The American and European Nebelungs’ physical appearance mirrors the different appearances of American and English Russian Blues. In some European registries, it is treated as a long-haired Russian Blue, or Russian Semi-Longhair (just as the Russian Blue is a Blue Russian Shorthair). This allows long-haired variants of Russian Blue (shorthair) parentage to be registered as Nebelungs. The continued influx of Russian Blue blood keeps both breeds consistent in type. TICA recognises it as an entirely separate breed with Russian Blue as an allowable outcross. Under TICA rules, the outcross kittens are registered as Shorthair Nebelung variants carrying longhair; they are not used in Russian Blue breeding, only in Nebelung breeding (this allows TICA breeders to keep the longhair trait out of the Russian Blue gene pool). To date Nebelungs have not been bred to mirror the Russian Black and Russian White, although this option exists.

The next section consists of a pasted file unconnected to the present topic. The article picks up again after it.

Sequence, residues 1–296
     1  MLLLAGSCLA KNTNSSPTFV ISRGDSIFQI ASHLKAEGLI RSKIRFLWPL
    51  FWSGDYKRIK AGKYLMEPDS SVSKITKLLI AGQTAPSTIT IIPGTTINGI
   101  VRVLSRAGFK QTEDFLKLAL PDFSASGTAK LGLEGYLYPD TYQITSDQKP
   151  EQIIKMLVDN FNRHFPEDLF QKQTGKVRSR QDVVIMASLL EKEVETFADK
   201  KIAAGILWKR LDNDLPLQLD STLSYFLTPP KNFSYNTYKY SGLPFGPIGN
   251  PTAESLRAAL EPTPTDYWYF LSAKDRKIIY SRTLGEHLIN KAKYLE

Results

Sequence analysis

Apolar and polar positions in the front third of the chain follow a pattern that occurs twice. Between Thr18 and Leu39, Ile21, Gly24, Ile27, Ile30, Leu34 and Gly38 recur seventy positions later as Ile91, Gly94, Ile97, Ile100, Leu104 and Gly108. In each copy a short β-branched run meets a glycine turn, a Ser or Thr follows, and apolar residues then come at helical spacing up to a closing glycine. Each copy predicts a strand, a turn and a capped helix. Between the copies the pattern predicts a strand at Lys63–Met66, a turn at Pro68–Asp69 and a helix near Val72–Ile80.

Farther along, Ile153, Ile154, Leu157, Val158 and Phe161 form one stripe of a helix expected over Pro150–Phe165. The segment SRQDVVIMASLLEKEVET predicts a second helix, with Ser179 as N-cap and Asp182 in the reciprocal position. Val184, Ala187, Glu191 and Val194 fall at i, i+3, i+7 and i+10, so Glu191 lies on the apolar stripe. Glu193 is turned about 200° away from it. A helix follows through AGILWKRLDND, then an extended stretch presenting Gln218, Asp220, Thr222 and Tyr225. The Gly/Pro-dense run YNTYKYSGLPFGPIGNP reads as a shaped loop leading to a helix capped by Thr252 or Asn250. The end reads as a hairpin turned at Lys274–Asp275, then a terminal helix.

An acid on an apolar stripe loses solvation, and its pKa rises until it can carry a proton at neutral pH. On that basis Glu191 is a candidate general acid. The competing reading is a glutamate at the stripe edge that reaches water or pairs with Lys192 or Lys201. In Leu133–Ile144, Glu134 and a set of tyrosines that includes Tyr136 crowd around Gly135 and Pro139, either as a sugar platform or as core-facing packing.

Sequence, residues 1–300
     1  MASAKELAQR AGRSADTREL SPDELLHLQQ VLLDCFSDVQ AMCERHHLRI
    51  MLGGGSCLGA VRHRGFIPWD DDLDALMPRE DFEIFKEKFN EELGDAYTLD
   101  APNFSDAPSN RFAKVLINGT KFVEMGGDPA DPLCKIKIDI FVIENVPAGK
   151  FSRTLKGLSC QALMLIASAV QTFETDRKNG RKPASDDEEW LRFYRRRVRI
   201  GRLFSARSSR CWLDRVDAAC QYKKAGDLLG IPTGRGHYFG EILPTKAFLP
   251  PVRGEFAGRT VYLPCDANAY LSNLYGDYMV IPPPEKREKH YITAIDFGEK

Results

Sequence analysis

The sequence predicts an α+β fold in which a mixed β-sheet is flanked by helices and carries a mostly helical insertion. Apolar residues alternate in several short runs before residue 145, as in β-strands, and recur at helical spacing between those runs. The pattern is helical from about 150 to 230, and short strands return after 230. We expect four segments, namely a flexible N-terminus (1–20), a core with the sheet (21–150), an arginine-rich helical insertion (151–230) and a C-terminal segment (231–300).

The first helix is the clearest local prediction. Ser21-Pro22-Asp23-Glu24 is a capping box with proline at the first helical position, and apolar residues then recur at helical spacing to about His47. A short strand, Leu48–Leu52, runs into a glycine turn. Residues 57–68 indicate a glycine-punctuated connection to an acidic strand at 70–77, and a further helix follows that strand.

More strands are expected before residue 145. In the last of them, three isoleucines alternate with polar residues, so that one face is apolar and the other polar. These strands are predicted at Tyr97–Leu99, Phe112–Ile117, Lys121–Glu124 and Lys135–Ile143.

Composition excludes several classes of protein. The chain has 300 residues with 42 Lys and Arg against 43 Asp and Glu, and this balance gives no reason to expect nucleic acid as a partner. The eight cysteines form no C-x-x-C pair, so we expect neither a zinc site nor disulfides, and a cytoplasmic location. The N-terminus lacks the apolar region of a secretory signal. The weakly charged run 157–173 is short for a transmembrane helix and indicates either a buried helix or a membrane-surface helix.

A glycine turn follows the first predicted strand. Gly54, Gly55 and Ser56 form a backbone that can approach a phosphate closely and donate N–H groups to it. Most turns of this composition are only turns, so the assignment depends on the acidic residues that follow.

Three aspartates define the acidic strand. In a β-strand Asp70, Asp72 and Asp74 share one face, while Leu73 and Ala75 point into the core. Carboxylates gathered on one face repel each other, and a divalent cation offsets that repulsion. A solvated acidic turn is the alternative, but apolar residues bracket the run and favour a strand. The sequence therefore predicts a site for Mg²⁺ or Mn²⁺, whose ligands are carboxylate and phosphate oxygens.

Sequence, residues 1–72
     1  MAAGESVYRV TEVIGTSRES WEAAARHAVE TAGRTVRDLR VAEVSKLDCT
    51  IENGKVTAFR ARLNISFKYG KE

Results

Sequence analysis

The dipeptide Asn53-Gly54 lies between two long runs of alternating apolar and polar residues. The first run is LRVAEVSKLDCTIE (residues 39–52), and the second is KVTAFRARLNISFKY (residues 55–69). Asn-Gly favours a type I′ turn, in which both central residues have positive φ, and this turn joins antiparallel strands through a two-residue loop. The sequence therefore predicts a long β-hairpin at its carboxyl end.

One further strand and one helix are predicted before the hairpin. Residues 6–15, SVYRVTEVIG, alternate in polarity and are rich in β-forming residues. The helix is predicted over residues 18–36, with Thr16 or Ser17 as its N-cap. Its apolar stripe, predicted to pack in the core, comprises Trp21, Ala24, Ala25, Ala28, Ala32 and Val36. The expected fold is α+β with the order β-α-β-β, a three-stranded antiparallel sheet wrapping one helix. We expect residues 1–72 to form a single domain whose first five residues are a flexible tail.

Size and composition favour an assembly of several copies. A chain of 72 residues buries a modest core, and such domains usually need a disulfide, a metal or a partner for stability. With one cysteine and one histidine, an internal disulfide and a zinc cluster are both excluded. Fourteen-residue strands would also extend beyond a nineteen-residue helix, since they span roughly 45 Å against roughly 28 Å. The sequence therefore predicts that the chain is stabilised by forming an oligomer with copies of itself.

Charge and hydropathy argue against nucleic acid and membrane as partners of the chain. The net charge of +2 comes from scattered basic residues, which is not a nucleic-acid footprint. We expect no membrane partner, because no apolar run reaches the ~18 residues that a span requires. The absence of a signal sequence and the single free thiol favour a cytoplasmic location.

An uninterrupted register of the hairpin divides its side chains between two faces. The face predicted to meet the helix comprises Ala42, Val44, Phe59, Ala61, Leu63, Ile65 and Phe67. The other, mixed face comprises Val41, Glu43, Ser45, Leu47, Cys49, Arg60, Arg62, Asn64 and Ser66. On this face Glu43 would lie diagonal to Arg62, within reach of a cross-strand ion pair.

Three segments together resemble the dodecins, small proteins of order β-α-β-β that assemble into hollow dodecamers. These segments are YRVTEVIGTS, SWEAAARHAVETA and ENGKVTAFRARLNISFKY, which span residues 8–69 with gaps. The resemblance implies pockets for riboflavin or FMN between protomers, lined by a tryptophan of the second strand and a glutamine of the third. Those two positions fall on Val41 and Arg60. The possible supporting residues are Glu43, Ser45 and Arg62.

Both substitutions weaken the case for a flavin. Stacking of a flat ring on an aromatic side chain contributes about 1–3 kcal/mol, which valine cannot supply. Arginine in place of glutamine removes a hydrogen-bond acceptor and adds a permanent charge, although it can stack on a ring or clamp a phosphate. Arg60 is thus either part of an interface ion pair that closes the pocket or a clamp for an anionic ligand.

The Pika Blue is a colourpointed variant of the Russian Blue and Nebelung. The colourpoint variants arose naturally in Russian Blue and Nebelung litters in the 21st century as a result of emergency crossbreeding in the early 1940s. During, and immediately after, the Second World War, the Russian Blue was in danger of extinction in Western Europe. In order to save the bloodlines, cats were bred to blue-point Siamese with the intention of selectively breeding back to the Russian Blue standard later on (e.g. using imported cats that had never been crossed to Siamese) and eliminating the colourpoint gene. As a result of the outcrossing, the colourpoint gene lurked in some bloodlines until the present day. Because colourpoint is recessive, it remained hidden, but if two carriers were mated together it was possible to get blue-pointed, blue-eyed, Russian Blue kittens. This often led to the colourpoint-carrying parents being removed from the gene pool to prevent further spread of the colourpoint gene.